Blog 6: Gray Days

Sunshine, blue skies 

Don’t see it, no reason why 

My face is twisted like I got a lotta’ gas 

It’s a gray day, but it’ll pass. 

From “Gray Day” from the upcoming  

Bloom Collection by Sharman 

Ah, my gray days. Waking up with a dark, heavy feeling, like a raincloud hanging over my head. No real reason for it. Gray days invade my psyche, like poltergeist. They don’t stop me from getting up in the morning, or functioning at work, or superficially getting along with people albeit with a fake smile. 

It affects the way I see things. My eyes feel deeper than usual, almost like cones in the back of my head that have a more pronounced negative insight. Saps my self-esteem and courage leaving me slightly paranoid. Old habits and distorted perceptions come rolling in. I feel like everyone is looking down on me. Not just looking at me, looking down ON me. It could follow a fabulous, perfect day. No rhyme or reason for it. A gray day visits when it wants to. Just busts right in saying “Enough of this! I’m gonna’ mess you up.” 

Been like this since I was a kid 

Somedays I just wake up down 

Wanna’ stay in my pajamas 

shut my phone ‘n hide my head 

And lay like a glove in the lost and found 

Went for therapy, consultations, antidepressants. Felt a slight lift, almost immediately, but there were unacceptable side effects. For example, they interfered with my sexual life. Seemed like I was trading one kind of depression for another. Also, I’m a composer and often prefer to create from a dark place, not so much from a place of an ameliorated spirit. It wasn’t truthful or honest. I chose to deal with it head on and stopped the meds.  Sought spiritual counseling, herbs, teas, aroma and color therapy, meditation, chakra balancing, various diets including raw food, gluten free, keto, fasting, you name it.  I experimented with different types of exercise and found that swimming and cycles or treadmills with the right music lifted my spirit, if I could drag my ass there. I do better near water.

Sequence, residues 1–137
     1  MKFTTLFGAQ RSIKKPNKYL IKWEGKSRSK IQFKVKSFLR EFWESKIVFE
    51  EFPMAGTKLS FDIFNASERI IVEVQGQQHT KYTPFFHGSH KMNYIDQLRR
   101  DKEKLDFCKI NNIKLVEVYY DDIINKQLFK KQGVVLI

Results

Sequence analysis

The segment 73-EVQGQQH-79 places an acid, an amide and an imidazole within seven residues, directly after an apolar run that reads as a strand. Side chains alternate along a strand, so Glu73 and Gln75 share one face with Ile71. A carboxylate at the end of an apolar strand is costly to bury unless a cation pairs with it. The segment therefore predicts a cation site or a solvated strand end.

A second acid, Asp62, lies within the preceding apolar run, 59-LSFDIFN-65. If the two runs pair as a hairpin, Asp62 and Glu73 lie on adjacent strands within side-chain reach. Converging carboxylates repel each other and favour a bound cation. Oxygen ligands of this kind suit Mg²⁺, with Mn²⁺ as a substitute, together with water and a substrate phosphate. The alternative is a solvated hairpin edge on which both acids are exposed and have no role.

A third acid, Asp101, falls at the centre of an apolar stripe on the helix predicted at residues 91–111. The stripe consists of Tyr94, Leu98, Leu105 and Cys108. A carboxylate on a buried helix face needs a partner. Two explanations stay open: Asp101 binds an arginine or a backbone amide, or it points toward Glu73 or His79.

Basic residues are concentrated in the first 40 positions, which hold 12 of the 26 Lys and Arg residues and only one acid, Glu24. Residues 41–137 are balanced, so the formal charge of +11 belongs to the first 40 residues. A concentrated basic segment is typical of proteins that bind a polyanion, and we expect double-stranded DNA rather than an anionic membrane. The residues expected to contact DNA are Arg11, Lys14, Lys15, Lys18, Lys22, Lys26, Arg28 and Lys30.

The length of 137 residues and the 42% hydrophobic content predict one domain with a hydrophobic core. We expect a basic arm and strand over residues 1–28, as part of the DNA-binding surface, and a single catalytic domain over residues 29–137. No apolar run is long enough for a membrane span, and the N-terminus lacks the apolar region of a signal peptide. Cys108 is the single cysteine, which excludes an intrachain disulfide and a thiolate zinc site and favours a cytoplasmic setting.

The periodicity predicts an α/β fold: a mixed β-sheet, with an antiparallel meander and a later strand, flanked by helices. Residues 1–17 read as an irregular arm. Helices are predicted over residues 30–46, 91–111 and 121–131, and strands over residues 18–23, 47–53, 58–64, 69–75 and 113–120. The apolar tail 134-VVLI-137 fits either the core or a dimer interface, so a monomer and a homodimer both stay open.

Finally, I changed my approach, grabbed the bull by the horns and welcomed by ‘gray day buddy’, whom I named “Agnes”.  She is the voice in my left ear letting me know that I have no right to be happy, forget about having dreams. Heard it so many times, I could write the script. I made an avatar of Agnes. She looks like a cross between the Ruth Buzzi character on the 70s comedy series Laugh-In, Gladys Ormphby, and the whining, sad sack character on SNL, Debbie Downer. Agnes the asshole. She is a drippy, frowning, unattractive, lethargic, dumpy dud. Smelly, no purpose, no confidence, a wounded loser.  

My husband knows with one look “Having one of my days. Best to leave me be today. I’ll let you know when it’s safe.” He’s learned to roll with it, but he’s never dealt with anything like in his life. 

Sometimes I feel Agnes coming and I've learned to pay attention. Agnes, the scared rabbit, the ultimate procrastinator, the dream-squasher. I acknowledge her, make her larger than life. Instead of trying to quell or neutralize her presence, I welcome her. I no longer try to ignore her but rather work within, around her. Sometimes I just want to sleep, watch reruns and anesthetize myself with garbage food and sleep. 

Sometimes Agnes stays for one or two days, but I simply will no tallow three!  Seldom am I immobilized by her, just insecure and weighted down.  I roll with it.  Sometimes I can rise above and if I push myself to do something positive, show up for something meaningful, it will shorten her visit. At some point, I visualize her switching places with the real me, or the me that I want to be. Agnes gradually moves to the back and I kick her the hell out of my house.

It works most all of the time. She has been visiting less and less. 

As a kid, I didn’t have this wisdom or confidence to control Agnes. I had my piano and the score to West Side Story.  Bernstein was my therapist. Dramatic, sweeping melodies my Prozac. Maria was not exactly a happy soul but ‘Tonight’ and ‘One Hand, One Heart’ worked miracles. I’ve lost so much valuable time.  I’m not saying this method of coping with gray days would work for everyone and I know that many people also struggle with gray days - something more than just moodiness but not chronic depression.  Indeed, some would think I’m a borderline schizo. That’s fine. Maybe I am, but it works for me. As long as I can get on with Bloom, I'm OK. 

  Don’t need no healing 

  don’t say a special mass 

   It’s a Gray Day, but it’ll pass.

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